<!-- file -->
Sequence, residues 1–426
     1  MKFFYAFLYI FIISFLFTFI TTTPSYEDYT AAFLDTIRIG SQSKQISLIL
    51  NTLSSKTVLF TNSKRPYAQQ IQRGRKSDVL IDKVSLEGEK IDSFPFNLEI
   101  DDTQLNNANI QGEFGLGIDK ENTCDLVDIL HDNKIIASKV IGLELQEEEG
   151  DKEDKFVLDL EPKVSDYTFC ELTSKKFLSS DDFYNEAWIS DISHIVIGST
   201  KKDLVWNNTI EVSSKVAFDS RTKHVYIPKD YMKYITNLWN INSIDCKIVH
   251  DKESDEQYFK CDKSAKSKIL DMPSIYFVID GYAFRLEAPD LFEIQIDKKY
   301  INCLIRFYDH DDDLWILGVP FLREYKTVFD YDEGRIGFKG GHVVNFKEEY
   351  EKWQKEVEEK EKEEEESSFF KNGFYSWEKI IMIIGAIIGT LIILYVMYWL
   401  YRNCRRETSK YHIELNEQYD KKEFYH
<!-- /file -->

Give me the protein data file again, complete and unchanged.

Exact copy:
Sequence, residues 1–426
     1  MKFFYAFLYI FIISFLFTFI TTTPSYEDYT AAFLDTIRIG SQSKQISLIL
    51  NTLSSKTVLF TNSKRPYAQQ IQRGRKSDVL IDKVSLEGEK IDSFPFNLEI
   101  DDTQLNNANI QGEFGLGIDK ENTCDLVDIL HDNKIIASKV IGLELQEEEG
   151  DKEDKFVLDL EPKVSDYTFC ELTSKKFLSS DDFYNEAWIS DISHIVIGST
   201  KKDLVWNNTI EVSSKVAFDS RTKHVYIPKD YMKYITNLWN INSIDCKIVH
   251  DKESDEQYFK CDKSAKSKIL DMPSIYFVID GYAFRLEAPD LFEIQIDKKY
   301  INCLIRFYDH DDDLWILGVP FLREYKTVFD YDEGRIGFKG GHVVNFKEEY
   351  EKWQKEVEEK EKEEEESSFF KNGFYSWEKI IMIIGAIIGT LIILYVMYWL
   401  YRNCRRETSK YHIELNEQYD KKEFYH